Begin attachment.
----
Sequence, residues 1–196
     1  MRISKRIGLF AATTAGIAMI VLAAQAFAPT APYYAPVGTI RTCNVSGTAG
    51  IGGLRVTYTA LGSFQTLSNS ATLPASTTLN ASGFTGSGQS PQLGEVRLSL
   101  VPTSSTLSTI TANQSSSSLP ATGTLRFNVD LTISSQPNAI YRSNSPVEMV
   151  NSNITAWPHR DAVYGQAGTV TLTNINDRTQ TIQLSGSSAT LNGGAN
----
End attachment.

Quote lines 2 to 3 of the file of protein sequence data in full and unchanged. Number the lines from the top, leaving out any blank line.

     1  MRISKRIGLF AATTAGIAMI VLAAQAFAPT APYYAPVGTI RTCNVSGTAG
    51  IGGLRVTYTA LGSFQTLSNS ATLPASTTLN ASGFTGSGQS PQLGEVRLSL